Using Analogies to Bridge the Communication Divide, with Marlit Hayslett – Ep #33

Did you know that one of the most effective ways to bridge the communication divide is by using analogies? Researchers and scientists need every tool in their toolkit to get their message across to diverse audiences. Thankfully, the University of Virginia’s Marlit Hayslett was generous enough to share her insights on this critical topic.

Marlit is the Director of Communication Training and Strategy at the University of Virginia (UVA). In this role, Marlit works with faculty and graduate students on how to effectively communicate their research to non-technical audiences such as the public, media, and policymakers. During her time at UVA, she has taught five credit-bearing courses and offered over ten workshops focused on topics such as audience analysis, message design, and presentation skills.

From 2004 to 2014, Marlit served as the founding director of the Office of Policy Analysis and Research (OPAR) at the Georgia Tech Research Institute in Atlanta. The OPAR team studied science and technology (S&T) policy at the state-level and used their findings to inform S&T policy in Georgia. These efforts led to collaboration with Georgia’s technology business community resulting in a strategic plan for science, technology, and innovation in the state of Georgia. Based on her experience engaging policymakers on science topics, Marlit has led several national and international conference panels and workshops on communicating science to policymakers and media.

Marlit received her Master’s degree in Public Policy, her Master’s degree in International Affairs, and her Bachelor’s degree in International Affairs from the Georgia Institute of Technology.

What You’ll Hear On This Episode of When Science Speaks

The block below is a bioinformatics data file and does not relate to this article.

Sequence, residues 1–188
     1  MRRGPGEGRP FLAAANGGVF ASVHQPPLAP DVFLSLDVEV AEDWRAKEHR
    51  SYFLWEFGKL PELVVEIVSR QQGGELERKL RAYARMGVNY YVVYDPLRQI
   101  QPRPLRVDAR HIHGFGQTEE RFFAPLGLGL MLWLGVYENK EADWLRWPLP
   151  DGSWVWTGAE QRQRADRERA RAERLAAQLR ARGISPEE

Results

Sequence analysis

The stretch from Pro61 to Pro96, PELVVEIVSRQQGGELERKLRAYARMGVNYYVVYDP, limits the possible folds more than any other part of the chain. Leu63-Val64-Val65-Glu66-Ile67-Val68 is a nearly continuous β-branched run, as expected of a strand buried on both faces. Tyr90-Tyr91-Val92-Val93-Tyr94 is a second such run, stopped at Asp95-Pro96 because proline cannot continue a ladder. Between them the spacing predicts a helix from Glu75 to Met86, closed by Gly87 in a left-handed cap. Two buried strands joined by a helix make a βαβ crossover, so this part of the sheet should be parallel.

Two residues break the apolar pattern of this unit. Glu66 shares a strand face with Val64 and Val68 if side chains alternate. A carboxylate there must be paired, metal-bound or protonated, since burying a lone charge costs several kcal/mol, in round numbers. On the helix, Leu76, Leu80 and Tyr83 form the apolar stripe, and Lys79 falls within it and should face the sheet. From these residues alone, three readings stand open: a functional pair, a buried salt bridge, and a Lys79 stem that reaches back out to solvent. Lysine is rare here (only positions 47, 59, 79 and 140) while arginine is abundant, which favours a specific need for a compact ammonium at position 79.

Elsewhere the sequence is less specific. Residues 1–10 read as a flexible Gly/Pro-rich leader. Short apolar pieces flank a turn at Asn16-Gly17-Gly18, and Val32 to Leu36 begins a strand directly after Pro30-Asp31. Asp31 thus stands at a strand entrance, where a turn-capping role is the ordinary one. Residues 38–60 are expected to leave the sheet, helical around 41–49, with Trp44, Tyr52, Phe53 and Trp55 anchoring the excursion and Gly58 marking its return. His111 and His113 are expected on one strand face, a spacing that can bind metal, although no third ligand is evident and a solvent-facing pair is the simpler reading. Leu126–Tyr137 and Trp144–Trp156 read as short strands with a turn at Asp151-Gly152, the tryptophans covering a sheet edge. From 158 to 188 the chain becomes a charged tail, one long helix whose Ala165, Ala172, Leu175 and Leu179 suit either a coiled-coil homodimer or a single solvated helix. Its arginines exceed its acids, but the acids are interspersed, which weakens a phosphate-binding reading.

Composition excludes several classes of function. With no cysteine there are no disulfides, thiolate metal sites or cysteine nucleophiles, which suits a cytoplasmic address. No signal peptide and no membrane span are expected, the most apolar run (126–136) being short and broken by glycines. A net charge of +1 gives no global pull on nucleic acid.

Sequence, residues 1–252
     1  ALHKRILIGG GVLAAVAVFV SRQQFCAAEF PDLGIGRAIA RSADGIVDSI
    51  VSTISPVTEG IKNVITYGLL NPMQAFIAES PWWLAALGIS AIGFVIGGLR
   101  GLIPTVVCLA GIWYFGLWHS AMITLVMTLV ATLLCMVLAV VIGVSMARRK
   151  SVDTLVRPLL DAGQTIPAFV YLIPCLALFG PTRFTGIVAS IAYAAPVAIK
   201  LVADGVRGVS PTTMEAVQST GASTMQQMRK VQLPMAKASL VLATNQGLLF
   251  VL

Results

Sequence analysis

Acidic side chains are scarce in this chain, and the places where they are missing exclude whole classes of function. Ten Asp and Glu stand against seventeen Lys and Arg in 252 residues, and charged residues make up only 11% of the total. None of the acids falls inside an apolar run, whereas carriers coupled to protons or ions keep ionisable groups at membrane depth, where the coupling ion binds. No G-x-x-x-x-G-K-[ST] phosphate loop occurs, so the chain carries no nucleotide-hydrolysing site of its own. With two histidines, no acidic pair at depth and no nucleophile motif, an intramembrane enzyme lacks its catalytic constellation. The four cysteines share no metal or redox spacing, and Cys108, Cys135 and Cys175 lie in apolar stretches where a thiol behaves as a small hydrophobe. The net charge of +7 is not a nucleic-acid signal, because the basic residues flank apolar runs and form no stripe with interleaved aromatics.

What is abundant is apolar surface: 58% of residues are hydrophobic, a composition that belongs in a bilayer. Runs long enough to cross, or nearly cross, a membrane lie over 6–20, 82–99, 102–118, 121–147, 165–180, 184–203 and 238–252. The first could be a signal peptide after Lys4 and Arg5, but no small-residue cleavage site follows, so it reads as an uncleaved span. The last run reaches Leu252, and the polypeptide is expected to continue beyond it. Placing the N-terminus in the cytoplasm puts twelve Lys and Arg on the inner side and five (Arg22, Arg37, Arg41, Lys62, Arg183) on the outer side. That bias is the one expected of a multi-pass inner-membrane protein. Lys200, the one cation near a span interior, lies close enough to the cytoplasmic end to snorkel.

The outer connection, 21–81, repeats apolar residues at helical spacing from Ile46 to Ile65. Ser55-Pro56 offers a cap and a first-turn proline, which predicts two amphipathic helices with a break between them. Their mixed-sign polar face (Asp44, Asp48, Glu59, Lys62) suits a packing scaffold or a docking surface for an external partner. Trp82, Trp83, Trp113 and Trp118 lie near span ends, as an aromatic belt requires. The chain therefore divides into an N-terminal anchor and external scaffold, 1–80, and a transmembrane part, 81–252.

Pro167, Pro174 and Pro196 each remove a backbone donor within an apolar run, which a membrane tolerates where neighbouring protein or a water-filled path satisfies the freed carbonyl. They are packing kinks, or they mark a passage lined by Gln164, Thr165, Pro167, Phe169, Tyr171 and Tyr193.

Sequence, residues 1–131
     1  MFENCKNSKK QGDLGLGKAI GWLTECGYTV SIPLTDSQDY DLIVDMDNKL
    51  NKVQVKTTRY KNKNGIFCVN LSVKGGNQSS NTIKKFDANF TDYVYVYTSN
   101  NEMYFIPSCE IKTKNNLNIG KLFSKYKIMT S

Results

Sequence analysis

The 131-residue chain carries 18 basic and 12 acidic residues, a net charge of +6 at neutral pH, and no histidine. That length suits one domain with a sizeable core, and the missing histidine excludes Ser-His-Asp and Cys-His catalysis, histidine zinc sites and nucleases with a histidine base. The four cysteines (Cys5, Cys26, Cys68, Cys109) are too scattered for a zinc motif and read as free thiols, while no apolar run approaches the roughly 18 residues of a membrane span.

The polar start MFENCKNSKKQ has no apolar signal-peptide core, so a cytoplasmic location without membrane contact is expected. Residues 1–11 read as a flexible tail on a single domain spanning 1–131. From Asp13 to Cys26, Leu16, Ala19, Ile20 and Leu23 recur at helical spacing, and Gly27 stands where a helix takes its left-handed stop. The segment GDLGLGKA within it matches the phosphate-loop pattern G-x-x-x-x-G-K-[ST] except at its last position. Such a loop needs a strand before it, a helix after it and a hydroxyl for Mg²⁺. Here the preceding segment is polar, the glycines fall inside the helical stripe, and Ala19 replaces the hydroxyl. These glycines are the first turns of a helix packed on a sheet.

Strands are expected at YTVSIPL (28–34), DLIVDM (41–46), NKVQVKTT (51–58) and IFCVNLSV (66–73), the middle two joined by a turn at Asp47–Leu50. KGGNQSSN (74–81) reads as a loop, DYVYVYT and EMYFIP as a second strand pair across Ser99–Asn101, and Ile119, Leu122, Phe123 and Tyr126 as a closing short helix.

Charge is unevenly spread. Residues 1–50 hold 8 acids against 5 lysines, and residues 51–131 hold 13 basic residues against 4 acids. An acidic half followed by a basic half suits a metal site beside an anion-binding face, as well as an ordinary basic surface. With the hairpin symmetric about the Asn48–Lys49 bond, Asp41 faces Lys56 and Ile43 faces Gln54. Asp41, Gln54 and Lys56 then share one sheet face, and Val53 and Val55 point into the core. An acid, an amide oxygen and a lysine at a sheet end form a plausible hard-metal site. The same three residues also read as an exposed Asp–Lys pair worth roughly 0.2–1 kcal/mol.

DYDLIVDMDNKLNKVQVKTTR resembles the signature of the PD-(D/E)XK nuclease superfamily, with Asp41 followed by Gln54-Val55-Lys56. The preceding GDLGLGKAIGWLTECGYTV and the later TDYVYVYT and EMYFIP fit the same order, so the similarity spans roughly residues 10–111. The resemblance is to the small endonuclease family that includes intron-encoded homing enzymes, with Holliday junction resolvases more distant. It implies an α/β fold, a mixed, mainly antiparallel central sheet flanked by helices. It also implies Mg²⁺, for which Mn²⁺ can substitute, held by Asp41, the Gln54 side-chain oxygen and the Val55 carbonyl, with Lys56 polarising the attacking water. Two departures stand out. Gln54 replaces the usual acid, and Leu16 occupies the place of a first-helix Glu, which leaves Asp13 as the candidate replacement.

• [1:00] Mark introduces his guest, Marlit Hayslett.
  • [3:30] Why do scientists and researchers struggle to communicate with non-experts?
  • [7:00] How using analogies can help bridge the communication divide.
  • [10:00] What is the role of identity when communicating research?
  • [13:45] Marlit talks about the “Three-minute thesis” and what she’s currently working on.
  • [20:30] Do you have to “Dumb down” your content for it to appeal to non-experts?

Connect with Marlit Hayslett

Resources & People Mentioned

Why using analogies works

How do you take complex topics and make them approachable to a wider audience? Can this be done without “Dumbing down” your message? All too often researchers and scientists get pegged – fairly and at times unfairly – for creating barriers with the jargon and language they use. While there is no definitive “Hack” you can use to eliminate these barriers, using analogies can have a profound impact on getting your message across.

When you use analogies – you get to take a complex topic and compare them to something in the everyday world. Marlit saw a wonderful example of using analogies from her student who was working on a chemical process that takes place in bacteria. That student explained that the process was like a house with a fence around it with different gates. Once Marlit heard that – she realized the value of using analogies to distil complex topics.

What is the heart of your research?

Using analogies doesn’t, “Dumb down” your language or your message – it actually expands your message. Even technical folks appreciate it when their peers make an effort to short cut jargon and terms for more approachable concepts. Do you want to have your research findings make an impact? Then start using terms, phrases, and analogies that everyday people can comprehend.

The rise in popularity of the “Three-minute thesis,” is a great example of why using analogies and other “Short-cuts” are making traction in academia and beyond. Do you have your three-minute thesis down? It’s such an encouraging time with leaders like Marlit Hayslett who are working hard to remove barriers and equip student, researchers, and scientists with tools and insights to take their message to a broader audience.

Don’t miss Mark’s full conversation with Marlit on this engaging episode of When Science Speaks.

Connect With Mark and When Science Speaks

Subscribe to When Science Speaks on Apple Podcasts or Stitcher

Leave a Reply

Your email address will not be published. Required fields are marked *

You may use these HTML tags and attributes: <a href="" title=""> <abbr title=""> <acronym title=""> <b> <blockquote cite=""> <cite> <code> <del datetime=""> <em> <i> <q cite=""> <s> <strike> <strong>